, February 04, 2023

Cathie Wood is right about deflation and tech, although she hasn’t got it all right

  •   7 min reads
Cathie Wood is right about deflation and tech, although she hasn’t got it all right

The narrative that inflation is set to surge and that technology represents one big bubble is wrong; Cathie Wood is closer to the mark about deflation and tech, although she hasn’t got it all right.

There is a narrative that the global economy is heading to hell in a handbasket.  Superficial analysis might suggest this narrative is correct, but look deeper, and things look very different.

Cathie Wood at ArkInvest, famous for her support of Tesla and Bitcoin, has a quite different take. I don’t agree with her entirely, I am dubious about Bitcoin, and while I am not a Tesla cynic, I worry about its valuation. however, I do feel that the broad thrust of her analysis is about right. For example, she argues that deflation and not inflation pose the biggest threat to the economy, and I think she has a point, although I think modest inflation is more likely. She also thinks technology is the sector to invest in, and I would agree, but let me qualify what I mean.

The case for inflation

Let’s look at inflation scaremongering first.

Inflation is up, of course, and is expected to rise further — “The rate of cost inflation was the second-quickest on record,” states IHS Markit in its latest Purchasing Managers Index report tracking US services.

Commodity prices are up; Brent Crude oil price is at $70 a barrel, twice the price during the first wave of Covid.

Government debt is surging around the world; in the US, household debt to GDP is higher than the pre-2008 crash level.

With inflation rising, central bankers will be forced to hike interest rates and then hike them again; debt levels will be unsustainable; the economic crash that follows will make the 2008 crash seem like a mild headache that is gone by breakfast, in comparison. Or so goes the narrative.

The lazy narrative

The above account is too easy, superficial, and in most parts wrong.

Cathie Wood argues that during lockdowns, spending on goods, that’s consumer durables and nondurables, surged because consumers had nothing else to spend their money on, and this created pressure on commodity prices.  She argues, consumers will switch focus to services, meaning that the commodity boom will soon turn to crash.

Up to a point, I think she is right.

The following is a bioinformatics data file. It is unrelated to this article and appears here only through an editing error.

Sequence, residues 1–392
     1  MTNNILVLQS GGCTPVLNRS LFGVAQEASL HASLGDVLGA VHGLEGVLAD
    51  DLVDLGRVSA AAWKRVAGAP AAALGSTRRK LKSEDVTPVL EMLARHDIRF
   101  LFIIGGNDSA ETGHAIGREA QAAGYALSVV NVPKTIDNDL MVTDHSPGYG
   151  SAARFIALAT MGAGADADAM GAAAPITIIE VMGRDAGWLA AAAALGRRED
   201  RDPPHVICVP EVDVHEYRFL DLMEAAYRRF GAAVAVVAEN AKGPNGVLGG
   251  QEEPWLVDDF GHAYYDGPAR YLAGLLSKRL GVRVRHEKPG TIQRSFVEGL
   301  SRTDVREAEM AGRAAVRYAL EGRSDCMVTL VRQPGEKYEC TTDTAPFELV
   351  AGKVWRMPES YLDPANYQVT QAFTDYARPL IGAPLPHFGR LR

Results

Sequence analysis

Part of the issue is that planned supply and demand work with time lags. If demand surges, producers struggle to keep up, and they increase prices. But they adjust eventually, so supply then increases, often at just that moment when demand starts to fall. That is why we get commodity cycles — the time lag between changes in the forces that create demand and supply can be several years in duration.

UK inflation falls to absurdly low level, dashing the hopes of inflation scaremongers
Inflation is set to return with a vengeance, say inflation hawks, so far so wrong; UK inflation was just 0.4 per cent in the year to February.

The commodity boom or crash?

Let's look at what is happening now. The price of lumber may have doubled during the first half of this year, but it is now approaching a third of the price seen earlier this year. Okay, lumber is still roughly double the level before Covid, but the trend is what the trend is — and if it continues, by the end of the summer, the lumber price will be all the way back down to pre-Covid level.

Inflation is transitory even house prices
US inflation has soared again, but most of the inflation drivers are transitory; an exception is property rental, but even that will fall eventually under the Covid new normal.

As for copper, its price has dropped more than ten per cent over the last few weeks.

Look at bond markets, and you see a picture emerge that is altogether more benign, and the yield on US ten year treasuries has dropped from around 1.75 per cent a couple of months ago to 1.3 per cent, suggesting that the markets are not concerned about inflation.


Much of the gloomy narrative is contradictory — take this video warning about surging levels of government debt.  As you see so often, it warns of surging inflation forcing up higher interest rates and mass unemployment; but it is highly unlikely we will get both. To claim, we will simultaneously see depression levels of unemployment and inflation threatening to become hyperinflation; it is a little like claiming we will have an exceptionally cold summer with temperatures well above average. It makes no sense.